orchid-blog-Hero.jpg

I Got an Orchid for Easter! Now What?

I Got an Orchid for Easter! Now What?


Welcome to orchid ownership! Whether you received your new plant as a gift for hosting Easter brunch or as part of a festive Easter basket, you’re probably asking yourself the same question: Now what?

First of all, don’t worry if you don’t consider yourself a “plant person.” Phalaenopsis orchids are relatively low maintenance plants and you’ll find you can easily adapt to a simple care routine. Here are four things to keep in mind.

4 Key Things to Know When Becoming an Orchid Owner

1. Embrace the “Just Add Ice” Watering Method

One of the most common ways new orchid owners harm their plant is through overwatering. Luckily, the “Just Add Ice” watering method makes getting the right amount of water every time as simple as counting to three. Just give your orchid three ice cubes once a week (or one ice cube if you were gifted a mini orchid) and you’ll never have to worry about overwatering again. You can even sign up for our free watering reminders by text or email to make sure you never forget.

2. Consider the Proper Temperature

Since orchids are tropical plants, they thrive in a tropical climate. The ideal temperature for your orchid is between 65 and 75 degrees with a humidity level between 55 and 75 percent. To make sure the temperature of your home doesn’t negatively affect your plant, keep the thermostat between the ideal temperatures and keep your plant away from vents or fans that could cause a draft in the room. If you’re concerned about humidity levels of your home, you can run a humidifier during the day or create a humidity tray.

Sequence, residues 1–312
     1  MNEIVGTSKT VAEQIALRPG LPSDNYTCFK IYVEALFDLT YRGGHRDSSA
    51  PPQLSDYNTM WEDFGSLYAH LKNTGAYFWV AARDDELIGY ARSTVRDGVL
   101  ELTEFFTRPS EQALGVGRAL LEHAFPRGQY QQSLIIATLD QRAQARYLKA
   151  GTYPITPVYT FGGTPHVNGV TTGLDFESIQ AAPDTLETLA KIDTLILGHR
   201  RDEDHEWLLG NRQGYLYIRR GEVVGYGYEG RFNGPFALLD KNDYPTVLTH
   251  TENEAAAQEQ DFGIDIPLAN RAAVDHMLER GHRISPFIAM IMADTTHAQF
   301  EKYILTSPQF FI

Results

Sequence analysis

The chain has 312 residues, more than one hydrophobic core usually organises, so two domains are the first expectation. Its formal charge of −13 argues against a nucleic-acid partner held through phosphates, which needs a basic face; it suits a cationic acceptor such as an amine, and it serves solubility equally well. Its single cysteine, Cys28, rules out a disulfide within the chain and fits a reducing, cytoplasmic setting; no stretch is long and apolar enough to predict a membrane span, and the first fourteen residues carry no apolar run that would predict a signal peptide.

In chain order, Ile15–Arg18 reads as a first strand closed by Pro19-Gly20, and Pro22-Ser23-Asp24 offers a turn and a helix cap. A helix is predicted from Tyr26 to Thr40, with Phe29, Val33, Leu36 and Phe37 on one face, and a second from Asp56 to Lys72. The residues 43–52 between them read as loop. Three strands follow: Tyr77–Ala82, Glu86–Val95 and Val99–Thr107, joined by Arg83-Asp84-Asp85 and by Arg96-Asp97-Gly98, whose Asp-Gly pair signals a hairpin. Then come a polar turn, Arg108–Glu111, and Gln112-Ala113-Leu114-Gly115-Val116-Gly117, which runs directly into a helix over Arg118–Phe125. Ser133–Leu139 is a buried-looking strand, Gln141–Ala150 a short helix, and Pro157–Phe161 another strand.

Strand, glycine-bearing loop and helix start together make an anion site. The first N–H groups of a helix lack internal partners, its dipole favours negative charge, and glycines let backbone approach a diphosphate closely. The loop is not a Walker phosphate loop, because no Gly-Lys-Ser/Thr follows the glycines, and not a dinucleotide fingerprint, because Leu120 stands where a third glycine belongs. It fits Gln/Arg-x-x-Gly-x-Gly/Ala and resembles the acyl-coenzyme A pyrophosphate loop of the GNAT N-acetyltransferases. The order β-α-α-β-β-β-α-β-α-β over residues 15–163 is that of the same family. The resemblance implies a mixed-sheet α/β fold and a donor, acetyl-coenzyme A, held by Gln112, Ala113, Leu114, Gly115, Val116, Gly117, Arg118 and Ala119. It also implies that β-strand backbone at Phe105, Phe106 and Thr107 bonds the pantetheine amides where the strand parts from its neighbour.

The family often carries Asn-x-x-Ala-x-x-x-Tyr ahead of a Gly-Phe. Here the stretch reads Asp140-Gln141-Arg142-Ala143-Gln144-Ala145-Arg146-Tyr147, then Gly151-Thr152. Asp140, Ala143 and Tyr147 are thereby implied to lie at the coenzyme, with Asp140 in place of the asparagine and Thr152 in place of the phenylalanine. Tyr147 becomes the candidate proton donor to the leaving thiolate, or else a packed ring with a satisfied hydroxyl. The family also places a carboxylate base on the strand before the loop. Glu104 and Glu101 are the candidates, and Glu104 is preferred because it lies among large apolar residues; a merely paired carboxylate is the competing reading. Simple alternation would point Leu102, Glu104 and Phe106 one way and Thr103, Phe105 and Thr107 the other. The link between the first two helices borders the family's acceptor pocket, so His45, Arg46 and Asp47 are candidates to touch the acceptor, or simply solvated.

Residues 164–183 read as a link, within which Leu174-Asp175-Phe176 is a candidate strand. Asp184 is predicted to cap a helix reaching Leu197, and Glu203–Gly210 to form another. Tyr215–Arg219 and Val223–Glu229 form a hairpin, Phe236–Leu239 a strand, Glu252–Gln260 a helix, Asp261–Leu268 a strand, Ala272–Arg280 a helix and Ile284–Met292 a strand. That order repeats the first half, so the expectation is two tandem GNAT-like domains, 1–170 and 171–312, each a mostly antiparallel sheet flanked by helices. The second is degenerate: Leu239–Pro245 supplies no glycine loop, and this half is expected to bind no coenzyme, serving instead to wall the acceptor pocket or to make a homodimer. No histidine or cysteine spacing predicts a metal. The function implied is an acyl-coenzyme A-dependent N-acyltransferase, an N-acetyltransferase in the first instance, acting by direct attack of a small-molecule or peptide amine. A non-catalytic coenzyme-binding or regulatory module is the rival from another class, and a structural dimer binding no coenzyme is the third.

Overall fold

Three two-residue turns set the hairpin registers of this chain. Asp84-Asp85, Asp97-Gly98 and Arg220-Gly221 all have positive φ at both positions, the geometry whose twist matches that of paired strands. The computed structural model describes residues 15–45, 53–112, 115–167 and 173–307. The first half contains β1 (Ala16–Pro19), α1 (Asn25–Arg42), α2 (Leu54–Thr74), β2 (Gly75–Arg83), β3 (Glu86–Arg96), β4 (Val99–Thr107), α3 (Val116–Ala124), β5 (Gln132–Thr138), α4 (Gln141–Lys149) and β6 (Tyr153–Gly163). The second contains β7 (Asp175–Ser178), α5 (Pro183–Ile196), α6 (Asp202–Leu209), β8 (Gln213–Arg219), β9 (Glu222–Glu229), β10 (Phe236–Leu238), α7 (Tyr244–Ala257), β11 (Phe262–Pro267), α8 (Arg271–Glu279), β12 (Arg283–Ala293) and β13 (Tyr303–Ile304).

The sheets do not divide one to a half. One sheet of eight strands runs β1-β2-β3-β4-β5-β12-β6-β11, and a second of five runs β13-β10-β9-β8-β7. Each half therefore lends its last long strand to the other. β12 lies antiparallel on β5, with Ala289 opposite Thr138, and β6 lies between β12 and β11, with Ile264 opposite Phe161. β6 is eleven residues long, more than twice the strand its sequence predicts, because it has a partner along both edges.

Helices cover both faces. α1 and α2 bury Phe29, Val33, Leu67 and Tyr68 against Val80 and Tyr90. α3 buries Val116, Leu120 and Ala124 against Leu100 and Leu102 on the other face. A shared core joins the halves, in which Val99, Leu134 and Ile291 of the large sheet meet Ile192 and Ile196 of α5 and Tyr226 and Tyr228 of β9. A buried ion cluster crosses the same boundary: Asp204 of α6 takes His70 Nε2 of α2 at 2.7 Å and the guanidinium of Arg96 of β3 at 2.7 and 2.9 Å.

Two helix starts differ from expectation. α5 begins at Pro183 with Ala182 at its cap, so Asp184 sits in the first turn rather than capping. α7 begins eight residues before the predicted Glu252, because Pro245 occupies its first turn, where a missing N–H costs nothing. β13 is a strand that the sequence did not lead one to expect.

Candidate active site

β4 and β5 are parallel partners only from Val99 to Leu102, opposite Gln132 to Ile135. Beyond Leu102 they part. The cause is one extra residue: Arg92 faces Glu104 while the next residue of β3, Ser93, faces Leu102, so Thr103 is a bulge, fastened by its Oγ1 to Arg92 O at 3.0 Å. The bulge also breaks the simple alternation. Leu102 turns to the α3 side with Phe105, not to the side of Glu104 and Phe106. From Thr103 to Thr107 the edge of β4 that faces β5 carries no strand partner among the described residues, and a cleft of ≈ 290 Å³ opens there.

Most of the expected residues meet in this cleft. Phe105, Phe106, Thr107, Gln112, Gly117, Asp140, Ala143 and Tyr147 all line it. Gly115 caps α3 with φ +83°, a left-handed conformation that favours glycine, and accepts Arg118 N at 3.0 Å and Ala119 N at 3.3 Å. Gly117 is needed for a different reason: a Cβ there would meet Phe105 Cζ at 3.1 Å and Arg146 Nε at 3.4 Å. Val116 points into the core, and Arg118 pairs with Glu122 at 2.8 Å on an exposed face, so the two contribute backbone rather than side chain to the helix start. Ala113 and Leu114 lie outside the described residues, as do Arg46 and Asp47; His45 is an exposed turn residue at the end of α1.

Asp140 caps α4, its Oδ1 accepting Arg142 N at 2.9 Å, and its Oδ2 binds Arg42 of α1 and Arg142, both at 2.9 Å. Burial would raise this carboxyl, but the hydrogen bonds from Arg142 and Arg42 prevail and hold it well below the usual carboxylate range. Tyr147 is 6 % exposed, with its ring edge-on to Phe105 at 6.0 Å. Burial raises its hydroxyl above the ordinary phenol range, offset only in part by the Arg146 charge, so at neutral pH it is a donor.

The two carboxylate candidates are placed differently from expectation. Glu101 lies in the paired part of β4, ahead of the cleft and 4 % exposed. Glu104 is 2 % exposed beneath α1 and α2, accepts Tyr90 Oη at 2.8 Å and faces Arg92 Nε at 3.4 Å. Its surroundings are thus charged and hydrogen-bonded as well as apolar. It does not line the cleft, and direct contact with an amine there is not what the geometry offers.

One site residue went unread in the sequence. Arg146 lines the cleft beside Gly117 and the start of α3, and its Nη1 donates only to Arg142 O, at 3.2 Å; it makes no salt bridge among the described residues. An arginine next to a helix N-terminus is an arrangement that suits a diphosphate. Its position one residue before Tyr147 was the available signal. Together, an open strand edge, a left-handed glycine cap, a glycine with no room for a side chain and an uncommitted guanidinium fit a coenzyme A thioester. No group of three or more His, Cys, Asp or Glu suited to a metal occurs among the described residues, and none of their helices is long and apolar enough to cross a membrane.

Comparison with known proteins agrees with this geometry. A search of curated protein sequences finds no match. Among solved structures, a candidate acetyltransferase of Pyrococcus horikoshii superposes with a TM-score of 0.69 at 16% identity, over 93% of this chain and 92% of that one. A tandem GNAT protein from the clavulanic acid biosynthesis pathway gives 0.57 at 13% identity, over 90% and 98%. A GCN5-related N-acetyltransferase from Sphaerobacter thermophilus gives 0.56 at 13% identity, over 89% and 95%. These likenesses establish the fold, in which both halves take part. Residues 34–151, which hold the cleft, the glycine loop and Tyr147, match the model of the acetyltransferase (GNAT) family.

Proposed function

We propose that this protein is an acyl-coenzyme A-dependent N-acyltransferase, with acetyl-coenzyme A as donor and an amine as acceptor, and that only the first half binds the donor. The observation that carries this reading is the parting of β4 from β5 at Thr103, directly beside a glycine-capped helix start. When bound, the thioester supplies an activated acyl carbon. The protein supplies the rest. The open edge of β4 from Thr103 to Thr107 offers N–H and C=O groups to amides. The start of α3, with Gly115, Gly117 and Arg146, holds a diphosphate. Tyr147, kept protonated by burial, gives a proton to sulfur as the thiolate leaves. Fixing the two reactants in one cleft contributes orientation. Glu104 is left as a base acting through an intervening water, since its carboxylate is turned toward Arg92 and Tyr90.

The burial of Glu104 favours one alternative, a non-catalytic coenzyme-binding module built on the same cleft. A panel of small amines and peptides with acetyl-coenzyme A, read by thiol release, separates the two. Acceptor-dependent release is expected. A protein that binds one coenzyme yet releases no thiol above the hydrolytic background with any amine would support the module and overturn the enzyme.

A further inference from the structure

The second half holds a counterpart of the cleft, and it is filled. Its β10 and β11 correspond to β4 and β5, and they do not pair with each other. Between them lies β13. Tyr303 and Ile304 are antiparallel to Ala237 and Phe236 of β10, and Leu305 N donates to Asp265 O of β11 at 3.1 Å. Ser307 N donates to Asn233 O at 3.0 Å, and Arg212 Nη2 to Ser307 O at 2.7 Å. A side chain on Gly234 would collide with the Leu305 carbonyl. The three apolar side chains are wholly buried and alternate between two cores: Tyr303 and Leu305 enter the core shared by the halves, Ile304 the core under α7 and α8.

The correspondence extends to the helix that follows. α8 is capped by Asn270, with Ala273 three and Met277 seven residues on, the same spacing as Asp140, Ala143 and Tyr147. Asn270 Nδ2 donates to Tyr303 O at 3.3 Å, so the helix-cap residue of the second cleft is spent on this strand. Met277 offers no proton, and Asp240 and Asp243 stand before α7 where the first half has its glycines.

3. Give Your Orchid Light — But Not Too Much

Like all plants, your orchid loves sunlight, but too much direct sunlight can cause your plant to suffer from sun overexposure. To avoid this problem, make sure your orchid is positioned in a place that gets plenty of natural, but indirect light. You’ll know if your orchid is suffering from sunburn because the leaves will turn a reddish-purple.

4. Don’t Panic If the Blooms Fall Off

Like most flowers, orchids go through a blooming phase, followed by a hibernation phase. However, don’t panic if the blooms fall off your orchid and it appears dead. It is likely only going through a resting period and, with the proper maintenance care, will be ready to rebloom again in a few months. In fact, your orchid can continue to rebloom and thrive for years to come.

With these four tips, you’re ready to enter into the special world of orchid ownership.

For more information on how to best care for your plant, check out our Orchid Care Resources page.

Just Add Ice Blog